Exploring the Ipswich region as I have for a few years now, I’ve been struck by constant similarities between this heritage city and my home town in North Otago on New Zealand’s South Island.
Both Ipswich and Oamaru have indigenous histories reaching back through time but this story starts in the late 19th century when both settlements were rising up as fledgling urban centres. Limestone, coal, wool and steam rail were to play integral roles in the heady days of economic boom for both towns.
The area now known as Ipswich was first written on maps as Limestone having been dubbed The Limestone Station in the convict era when the stone was first quarried here.
Limestone appeared on the first maps of the town and was used in newspaper reports in the Moreton Bay Courier, until a surveyor came along and decided Limestone should actually be known as Ipswich. More can be read about this here.
Today, in the city centre, Limestone Park and Limestone Street and indeed the 88 Limestone Precinct – home of 4Hearts Brewing and Ungermann Brothers – are just two of the many reminders of that stone era.
And while the limestone was being sent from the hills of Ipswich for the construction of buildings in Brisbane and beyond, so too was Oamaru sending it’s quarried white stone far and wide.
Some of the Oamaru Stone as it came to be known – and indeed still is today – even made its way to Brisbane in the 1920s to form the Corinthian columns of the National Bank building on Queen Street.
Both modern-day Oamaru and Ipswich are still dotted with impressive stone buildings that hark back to that earlier era and both have realised the tourism potential therein with such events as the twice-yearly Great Houses of Ipswich run by the National Trust (Queensland) and Oamaru’s Victorian Heritage Celebrations every November.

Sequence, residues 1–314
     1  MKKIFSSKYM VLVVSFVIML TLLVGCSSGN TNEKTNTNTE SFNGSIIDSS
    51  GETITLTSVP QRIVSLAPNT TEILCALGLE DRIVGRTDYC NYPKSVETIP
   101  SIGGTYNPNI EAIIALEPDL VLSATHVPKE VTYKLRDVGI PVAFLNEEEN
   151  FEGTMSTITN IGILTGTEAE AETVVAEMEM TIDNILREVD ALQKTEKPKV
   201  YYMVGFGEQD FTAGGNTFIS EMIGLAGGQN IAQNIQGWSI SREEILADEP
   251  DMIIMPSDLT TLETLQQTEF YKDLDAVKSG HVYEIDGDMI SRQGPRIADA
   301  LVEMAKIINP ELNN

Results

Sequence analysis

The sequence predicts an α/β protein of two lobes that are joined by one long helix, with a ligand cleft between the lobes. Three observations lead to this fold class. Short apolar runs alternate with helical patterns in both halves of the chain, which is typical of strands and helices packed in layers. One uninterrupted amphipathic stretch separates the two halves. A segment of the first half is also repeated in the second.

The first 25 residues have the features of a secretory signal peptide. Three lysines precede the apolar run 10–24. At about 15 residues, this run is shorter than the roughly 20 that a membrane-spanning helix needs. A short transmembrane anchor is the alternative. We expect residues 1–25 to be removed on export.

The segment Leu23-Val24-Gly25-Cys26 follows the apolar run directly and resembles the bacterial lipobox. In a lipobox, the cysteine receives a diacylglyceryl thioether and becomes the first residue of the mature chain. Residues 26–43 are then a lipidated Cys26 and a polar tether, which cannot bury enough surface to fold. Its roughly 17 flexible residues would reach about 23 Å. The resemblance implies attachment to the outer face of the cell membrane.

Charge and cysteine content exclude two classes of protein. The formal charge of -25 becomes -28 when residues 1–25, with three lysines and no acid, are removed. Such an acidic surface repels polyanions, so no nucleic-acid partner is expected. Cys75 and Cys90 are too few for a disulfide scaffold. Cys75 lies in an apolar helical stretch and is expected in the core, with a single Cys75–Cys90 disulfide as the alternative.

It would be fair to say Ipswich had more coal mining going on back in the day than the Oamaru region did – although it must have been around because I did spend most of my childhood on a farm on Coalpit Road.
But with coal, limestone, grain and wool to be moved to market, there had to be rail.
Ipswich claimed its place as the birthplace of rail in Queensland with the first tracks laid in 1865, gradually extending out to the grain and wool producing Darling Downs. The line to Brisbane would be finished a decade later.
Ipswich’s famous Rail Workshops were constructed from 1878 to 1980. The site today is the longest operating such workshop in Australia and is home to the city’s best-known museum, The Workshops Rail Museum.
Steam rail history is also celebrated by the popular Queensland Pioneer Steam Railway run by a dedicated crew of volunteers who offer steam rail excursions through the year.
Meanwhile, Oamaru has its own iconic rail-related museum in the form of Steampunk HQ in an 1883 Grain Elevator building that was originally built for the storage and exportation of grain from the port town.
Both Ipswich and Oamaru had significant woollen mills back in the day and both boast fantastic yarn shops and artisan/crafty communities in the modern era – check out the Art & Craft Cottage in Ipswich’s Top of Town precinct and ArtTime supplies next door.
I am happy to report too that, both Ipswich and Oamaru have excellent coffee and restaurant scenes going on, both with that charming backdrop of age and history that just can’t be replicated in more modern precincts. I’m happy to say I love them both for all their quirky history and the fabulous folk who live there and make them the vibrant, interesting places they are in 2020.